“It’s only forbidden under the Ancient Code,” Siri said. “Not under the intermittent one.” Obi-Wan sighed.

“I know, but all the same. There’s a war coming. I want a family more than anything, but… we both have a duty, to the Jedi Order. If we married, had children… we’d probably never be home. And they… they would worry about us. We might never come home. That’s no life for a child, is it, having to worry all the time?”

“No,” Siri said softly, agreeing with him. “It isn’t.”

“And then, there’s the fact that we might have to choose, one day, which would come first; family or duty. And… And I’m not sure which one I would say, Siri. I don’t know the answer, and that… it bothers me.” Obi-Wan looked down. “I think the ancient masters were right when they eliminated attachments from their lives. But, at the same time, I can’t deny that I do love you.” Slowly, Obi-Wan drew out a ring with a single, scintillating jewel set in it. “This belonged to my mother, once. I think it’s only right that I should pass it on to you.”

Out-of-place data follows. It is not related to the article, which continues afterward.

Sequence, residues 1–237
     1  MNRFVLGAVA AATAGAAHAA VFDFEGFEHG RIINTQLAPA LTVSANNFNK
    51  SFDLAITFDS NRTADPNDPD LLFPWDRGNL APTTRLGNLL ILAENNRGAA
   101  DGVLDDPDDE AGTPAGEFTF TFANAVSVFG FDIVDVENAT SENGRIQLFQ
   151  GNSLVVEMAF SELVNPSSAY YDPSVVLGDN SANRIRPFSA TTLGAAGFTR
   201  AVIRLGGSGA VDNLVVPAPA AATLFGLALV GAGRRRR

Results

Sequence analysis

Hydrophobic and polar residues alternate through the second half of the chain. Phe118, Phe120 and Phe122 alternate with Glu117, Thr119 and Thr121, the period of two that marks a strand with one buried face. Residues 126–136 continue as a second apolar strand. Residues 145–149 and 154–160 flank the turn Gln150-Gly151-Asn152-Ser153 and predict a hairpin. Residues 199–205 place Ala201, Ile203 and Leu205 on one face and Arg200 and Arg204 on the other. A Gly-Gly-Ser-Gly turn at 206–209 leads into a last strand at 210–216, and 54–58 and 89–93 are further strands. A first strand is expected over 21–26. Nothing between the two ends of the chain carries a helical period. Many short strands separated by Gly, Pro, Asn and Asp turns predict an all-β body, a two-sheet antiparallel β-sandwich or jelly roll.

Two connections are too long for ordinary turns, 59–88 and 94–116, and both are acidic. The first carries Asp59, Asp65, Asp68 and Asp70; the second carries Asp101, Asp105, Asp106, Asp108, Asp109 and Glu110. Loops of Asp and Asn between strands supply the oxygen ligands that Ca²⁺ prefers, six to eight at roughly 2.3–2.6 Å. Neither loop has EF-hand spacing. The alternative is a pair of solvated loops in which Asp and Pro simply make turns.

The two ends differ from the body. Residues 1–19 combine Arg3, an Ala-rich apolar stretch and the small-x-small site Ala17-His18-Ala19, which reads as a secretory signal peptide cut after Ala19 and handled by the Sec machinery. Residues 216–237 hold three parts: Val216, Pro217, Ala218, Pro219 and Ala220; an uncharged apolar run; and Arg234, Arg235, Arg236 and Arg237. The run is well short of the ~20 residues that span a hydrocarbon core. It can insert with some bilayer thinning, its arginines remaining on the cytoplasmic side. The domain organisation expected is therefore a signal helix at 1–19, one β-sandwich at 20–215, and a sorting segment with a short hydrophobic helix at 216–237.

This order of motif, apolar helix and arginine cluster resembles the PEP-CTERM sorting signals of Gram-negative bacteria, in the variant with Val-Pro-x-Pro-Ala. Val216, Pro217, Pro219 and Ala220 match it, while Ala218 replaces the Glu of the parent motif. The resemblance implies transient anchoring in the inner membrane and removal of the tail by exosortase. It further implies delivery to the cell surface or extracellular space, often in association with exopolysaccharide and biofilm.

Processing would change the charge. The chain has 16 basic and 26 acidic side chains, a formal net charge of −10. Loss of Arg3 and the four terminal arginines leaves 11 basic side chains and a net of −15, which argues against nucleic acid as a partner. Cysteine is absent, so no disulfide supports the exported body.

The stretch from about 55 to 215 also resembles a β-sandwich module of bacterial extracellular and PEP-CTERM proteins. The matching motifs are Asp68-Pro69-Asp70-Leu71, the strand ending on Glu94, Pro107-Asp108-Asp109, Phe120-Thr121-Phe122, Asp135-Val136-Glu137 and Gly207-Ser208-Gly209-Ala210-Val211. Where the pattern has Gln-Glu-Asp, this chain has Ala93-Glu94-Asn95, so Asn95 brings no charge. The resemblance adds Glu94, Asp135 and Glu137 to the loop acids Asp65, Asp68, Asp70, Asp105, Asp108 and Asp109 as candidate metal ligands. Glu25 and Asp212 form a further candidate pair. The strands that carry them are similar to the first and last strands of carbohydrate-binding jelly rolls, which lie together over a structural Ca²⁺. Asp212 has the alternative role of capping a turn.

“I have one for you, too,” Siri said, pulling out a plain silver band.

“I’m going to vow myself to chastity once again, Siri.” Obi-Wan said softly. “But at the same time, I want you to know that my heart is yours. I really don’t have a choice about that.”

“I’ll do the same,” Siri decided. They spoke their vows, softly, into the welcoming silence.

And then, they parted.

Morning came.

With it, came the memory of something forgotten, just beyond reach. Joy leaped into being.

Silently, Obi-Wan rose, attending to assigned duties as the personal attendant of Sidious. The hours passed swiftly by until he was free again. Padme showed him the hidden garden that she would be honored to host the ceremony in.

At last, it was time.